K. wrote in to ask about wedding music, which is a topic I should probably get around to addressing more. Thus, I must be grateful to K. for providing me with an opportunity to do so. On to her question!
I’ve got a wedding question for you that’s equal parts opinion and experience. The question is this: For my wedding that’s coming up in three weeks, I want to walk down the aisle to Jerusalem by Hubert Parry. If you’re unfamiliar with it, a rather slow video of it being played on the piano can be found here. The problem is that my fiancé is from England and associates the song with (a) rugby matches and (b) Yorkshire coal miners. I wish I was making this up. He’s concerned that his family (all three of them who are attending, out of 100 guests) will think I’ve gone round the bend if I walk down the aisle to a “coal miner’s anthem.” My rebuttal is that the rest of the guests, being American, are utterly unfamiliar with Jerusalem in the first place and therefore won’t associate it with rugby or coal or anything else except “Ooh, pretty song!”
He’s agreed–albeit very reluctantly–to the song, but I need to know if I’m being a lunatic for wanting to have this song played at the wedding. I don’t want to make a total fool out of myself. You must have heard crazier songs for bridal entrances than an old English hymn, right? Your thoughts?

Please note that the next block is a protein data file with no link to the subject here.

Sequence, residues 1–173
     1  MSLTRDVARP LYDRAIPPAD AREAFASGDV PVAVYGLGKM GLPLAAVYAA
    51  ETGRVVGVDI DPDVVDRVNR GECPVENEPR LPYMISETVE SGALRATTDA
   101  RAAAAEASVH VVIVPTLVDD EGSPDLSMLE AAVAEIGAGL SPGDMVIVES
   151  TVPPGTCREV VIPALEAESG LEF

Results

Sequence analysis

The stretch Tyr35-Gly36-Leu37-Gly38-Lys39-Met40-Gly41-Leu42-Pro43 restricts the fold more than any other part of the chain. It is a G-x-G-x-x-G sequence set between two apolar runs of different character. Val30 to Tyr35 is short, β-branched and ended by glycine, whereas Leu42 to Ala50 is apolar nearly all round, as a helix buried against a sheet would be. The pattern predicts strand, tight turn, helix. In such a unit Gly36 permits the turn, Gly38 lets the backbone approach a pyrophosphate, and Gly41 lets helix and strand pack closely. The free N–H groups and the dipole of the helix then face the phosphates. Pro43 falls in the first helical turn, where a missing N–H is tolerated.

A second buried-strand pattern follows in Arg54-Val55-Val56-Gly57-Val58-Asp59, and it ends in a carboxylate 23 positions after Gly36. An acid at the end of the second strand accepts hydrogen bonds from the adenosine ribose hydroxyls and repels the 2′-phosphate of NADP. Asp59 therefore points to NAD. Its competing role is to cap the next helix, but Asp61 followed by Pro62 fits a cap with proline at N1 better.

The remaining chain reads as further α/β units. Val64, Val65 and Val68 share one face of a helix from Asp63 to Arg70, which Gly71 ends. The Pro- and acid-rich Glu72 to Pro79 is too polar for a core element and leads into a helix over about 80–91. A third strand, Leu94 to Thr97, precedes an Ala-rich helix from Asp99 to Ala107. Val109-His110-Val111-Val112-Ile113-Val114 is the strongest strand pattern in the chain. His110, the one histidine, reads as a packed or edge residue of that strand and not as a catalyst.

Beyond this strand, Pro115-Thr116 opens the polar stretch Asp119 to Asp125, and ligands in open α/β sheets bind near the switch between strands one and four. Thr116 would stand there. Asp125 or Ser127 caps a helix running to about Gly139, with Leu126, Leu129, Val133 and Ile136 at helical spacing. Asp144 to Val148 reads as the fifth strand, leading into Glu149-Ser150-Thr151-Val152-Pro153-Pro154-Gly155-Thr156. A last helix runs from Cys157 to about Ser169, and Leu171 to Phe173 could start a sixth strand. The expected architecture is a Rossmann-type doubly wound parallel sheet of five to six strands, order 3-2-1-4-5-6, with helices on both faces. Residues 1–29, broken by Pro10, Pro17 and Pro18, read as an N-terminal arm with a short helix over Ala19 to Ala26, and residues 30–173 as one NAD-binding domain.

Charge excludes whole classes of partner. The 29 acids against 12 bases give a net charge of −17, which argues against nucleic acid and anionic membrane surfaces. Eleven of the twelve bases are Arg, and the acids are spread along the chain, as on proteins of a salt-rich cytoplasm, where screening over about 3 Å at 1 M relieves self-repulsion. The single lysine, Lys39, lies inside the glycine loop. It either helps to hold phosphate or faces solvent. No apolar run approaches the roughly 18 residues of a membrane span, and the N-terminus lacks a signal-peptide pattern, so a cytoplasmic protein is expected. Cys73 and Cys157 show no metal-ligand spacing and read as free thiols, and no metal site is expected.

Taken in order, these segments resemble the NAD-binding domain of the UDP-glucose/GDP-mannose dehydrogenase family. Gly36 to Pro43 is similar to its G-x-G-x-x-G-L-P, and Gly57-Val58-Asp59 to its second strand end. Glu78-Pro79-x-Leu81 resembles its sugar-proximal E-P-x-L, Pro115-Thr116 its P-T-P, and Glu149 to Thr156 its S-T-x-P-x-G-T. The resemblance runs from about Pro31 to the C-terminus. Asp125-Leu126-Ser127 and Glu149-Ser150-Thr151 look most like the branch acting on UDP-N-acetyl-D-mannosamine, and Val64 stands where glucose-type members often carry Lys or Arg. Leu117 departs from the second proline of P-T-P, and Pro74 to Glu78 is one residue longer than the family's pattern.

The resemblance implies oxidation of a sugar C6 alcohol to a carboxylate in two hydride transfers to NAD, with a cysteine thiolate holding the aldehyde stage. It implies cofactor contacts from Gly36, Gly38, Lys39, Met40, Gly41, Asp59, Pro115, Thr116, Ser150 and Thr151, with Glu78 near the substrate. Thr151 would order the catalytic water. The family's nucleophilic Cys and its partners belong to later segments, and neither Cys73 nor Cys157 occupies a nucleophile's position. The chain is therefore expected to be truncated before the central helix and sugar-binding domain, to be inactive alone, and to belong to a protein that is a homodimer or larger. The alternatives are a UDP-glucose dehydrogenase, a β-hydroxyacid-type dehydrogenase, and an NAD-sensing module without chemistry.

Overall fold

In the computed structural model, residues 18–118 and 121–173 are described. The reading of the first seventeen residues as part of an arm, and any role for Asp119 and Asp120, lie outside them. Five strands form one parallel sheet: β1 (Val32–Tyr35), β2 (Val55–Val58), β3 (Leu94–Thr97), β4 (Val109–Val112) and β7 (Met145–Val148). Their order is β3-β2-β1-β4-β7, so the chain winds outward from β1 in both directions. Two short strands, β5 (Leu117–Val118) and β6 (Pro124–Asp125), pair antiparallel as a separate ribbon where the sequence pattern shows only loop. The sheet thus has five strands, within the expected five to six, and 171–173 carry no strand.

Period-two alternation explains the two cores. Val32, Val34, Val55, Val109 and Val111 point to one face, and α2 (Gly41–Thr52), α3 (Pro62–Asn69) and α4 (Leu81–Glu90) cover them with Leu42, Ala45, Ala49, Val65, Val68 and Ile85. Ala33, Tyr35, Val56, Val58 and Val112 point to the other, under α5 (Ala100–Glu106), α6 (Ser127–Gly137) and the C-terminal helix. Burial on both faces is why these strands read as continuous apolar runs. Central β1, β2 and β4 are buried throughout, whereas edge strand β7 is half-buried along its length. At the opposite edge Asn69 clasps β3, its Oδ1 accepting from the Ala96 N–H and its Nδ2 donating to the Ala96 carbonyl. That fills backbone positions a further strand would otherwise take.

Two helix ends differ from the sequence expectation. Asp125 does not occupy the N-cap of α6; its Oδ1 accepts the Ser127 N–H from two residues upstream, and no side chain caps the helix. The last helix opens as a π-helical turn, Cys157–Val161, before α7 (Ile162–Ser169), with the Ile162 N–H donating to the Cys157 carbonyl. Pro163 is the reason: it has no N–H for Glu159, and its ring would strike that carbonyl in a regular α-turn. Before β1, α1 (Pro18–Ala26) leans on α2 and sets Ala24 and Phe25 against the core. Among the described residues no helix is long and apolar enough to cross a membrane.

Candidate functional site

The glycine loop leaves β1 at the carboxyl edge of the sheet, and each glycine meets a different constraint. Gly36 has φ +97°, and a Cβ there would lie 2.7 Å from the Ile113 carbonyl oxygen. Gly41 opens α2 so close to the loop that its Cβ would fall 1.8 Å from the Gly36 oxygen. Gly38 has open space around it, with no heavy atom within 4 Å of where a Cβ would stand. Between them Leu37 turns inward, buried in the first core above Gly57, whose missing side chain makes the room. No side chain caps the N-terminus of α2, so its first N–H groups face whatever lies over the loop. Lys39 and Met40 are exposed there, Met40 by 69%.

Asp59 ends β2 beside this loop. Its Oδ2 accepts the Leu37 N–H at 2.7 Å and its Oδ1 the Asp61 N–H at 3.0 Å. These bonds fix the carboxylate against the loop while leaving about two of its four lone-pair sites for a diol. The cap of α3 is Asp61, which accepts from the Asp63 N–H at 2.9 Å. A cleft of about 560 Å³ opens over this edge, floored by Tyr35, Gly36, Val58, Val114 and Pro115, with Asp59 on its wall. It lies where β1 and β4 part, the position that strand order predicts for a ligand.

Well, K., if I was one of your guests, my reaction would indeed be “Ooh, pretty song,” because it is a pretty song and because I am an American wholly unfamiliar with Jerusalem. And as entrance songs are concerned, I have indeed heard of far crazier choices…the Pink Panther theme, for example. Heck, even the old standby “Dah-dum-da-dah” is a pretty crazy choice when you consider that the opera it hails from is more tragic than romantic.
The short answer is that you should walk down the aisle to the strains of whatever music you like best. I’d recommend shying away from dirty or profane songs, of course. And unless you’re having a kooky Halloween wedding, it’s probably best to steer clear of anything particular dark or unpleasant sounding.
But I would never suggest that you don’t play the music you like because three people at your wedding may decide you have a thing for coal miners. It’s a hymn, for cryin’ out loud. If you get any odd looks from your intended’s family, just tell them that you love a good rugby match. Pick a team before hand, and impress everyone by telling them how much you love an open scrum.